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The confinement of Neptune's ring arcs by the moon Galatea


Neptune has five narrow ring arcs, spanning about 40 degrees in longitude, which are apparently confined against the rapid azimuthal and radial spreading that normally results from inter-particle collisions. A gravitational resonance based on the vertical motion of the nearby neptunian moon Galatea was proposed1,2 to explain the trapping of the ring particles into a sequence of arcs. But recent observations3,4 have indicated that the arcs are away from the resonance, leaving their stability again unexplained. Here we report that a resonance based on Galatea's eccentricity is responsible for the angular confinement of the arcs. The mass of the arcs affects the precession of Galatea's eccentric orbit, which will enable a mass estimate from future observations of Galatea's eccentricity.

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Figure 1: The motions of arc particles around Neptune.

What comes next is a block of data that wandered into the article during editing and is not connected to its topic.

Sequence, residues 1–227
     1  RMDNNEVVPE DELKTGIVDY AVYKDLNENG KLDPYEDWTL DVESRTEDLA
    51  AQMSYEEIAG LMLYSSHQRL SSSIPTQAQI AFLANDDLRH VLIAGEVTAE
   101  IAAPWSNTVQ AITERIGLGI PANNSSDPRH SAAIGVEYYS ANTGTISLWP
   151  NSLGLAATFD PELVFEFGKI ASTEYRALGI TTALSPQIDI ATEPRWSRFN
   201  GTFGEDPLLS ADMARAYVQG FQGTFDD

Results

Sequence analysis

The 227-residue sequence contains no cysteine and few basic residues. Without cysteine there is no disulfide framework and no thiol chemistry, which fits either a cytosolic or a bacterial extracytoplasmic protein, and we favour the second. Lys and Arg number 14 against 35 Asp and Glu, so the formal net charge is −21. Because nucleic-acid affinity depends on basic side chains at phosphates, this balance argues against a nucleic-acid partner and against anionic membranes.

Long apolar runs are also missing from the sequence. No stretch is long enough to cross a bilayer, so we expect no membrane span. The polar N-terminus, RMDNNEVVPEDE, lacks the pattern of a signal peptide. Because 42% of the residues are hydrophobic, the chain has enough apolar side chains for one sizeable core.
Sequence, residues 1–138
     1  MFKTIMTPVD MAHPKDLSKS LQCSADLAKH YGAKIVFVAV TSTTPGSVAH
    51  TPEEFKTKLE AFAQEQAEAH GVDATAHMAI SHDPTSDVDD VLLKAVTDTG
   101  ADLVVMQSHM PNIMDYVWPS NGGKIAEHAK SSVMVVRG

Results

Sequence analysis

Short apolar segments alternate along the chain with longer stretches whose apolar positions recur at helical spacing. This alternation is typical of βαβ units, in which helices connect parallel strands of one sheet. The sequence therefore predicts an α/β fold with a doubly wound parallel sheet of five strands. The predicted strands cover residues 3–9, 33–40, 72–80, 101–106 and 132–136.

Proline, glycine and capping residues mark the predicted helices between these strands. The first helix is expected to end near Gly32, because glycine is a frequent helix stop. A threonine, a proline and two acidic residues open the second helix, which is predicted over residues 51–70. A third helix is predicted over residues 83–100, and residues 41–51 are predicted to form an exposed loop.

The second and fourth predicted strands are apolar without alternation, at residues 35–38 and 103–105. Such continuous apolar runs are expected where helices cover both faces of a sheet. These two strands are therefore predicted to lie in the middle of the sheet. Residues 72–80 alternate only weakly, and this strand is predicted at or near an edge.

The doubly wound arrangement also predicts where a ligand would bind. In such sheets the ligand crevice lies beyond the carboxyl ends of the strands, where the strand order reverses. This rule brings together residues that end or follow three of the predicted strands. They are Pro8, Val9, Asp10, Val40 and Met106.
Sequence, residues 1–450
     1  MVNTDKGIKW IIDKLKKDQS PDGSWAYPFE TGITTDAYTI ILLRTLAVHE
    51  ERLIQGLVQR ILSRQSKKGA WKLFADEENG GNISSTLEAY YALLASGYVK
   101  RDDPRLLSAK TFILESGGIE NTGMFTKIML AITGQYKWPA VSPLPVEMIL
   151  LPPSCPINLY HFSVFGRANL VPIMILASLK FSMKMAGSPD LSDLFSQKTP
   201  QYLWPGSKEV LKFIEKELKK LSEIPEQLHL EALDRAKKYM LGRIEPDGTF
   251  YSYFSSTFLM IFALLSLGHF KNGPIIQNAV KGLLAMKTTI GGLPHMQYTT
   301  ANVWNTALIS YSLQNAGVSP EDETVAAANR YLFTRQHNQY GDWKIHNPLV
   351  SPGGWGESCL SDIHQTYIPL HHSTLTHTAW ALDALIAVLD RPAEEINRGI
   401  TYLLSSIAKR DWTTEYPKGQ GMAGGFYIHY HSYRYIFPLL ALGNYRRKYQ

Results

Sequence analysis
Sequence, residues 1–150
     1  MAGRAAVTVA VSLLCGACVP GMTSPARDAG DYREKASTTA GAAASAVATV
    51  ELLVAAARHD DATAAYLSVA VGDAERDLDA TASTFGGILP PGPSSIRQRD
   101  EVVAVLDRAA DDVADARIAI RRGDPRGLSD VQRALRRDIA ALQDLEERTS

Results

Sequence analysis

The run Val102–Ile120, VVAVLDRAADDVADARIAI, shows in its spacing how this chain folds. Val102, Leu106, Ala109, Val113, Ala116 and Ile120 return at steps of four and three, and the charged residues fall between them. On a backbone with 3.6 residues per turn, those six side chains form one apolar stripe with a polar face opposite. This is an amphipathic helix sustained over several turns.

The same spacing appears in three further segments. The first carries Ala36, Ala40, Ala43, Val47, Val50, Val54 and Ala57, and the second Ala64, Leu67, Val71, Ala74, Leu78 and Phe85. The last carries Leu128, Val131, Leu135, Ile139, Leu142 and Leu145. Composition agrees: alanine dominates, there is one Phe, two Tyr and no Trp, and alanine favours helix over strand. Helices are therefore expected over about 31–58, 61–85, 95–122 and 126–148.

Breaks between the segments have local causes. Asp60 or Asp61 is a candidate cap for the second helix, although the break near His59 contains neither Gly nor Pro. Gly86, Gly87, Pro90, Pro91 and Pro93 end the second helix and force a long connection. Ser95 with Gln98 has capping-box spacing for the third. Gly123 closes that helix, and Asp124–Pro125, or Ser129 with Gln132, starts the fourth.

Figure 2: The effect of ring mass on the resonance location.


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We thank C. Dumas and P. Nicholson for reviews and B. Bottke, R. Canup, M. Evans, P. Goldreich, D. Hamilton, D. Nesvorny, J. Peterson, H. Throop and B. Ward for discussions. We acknowledge support from Southwest Research Institute's Internal Research Grant programme and NASA's Planetary Geology and Geophysics Discipline programme.

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Correspondence to Fathi Namouni.

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Namouni, F., Porco, C. The confinement of Neptune's ring arcs by the moon Galatea. Nature 417, 45–47 (2002).

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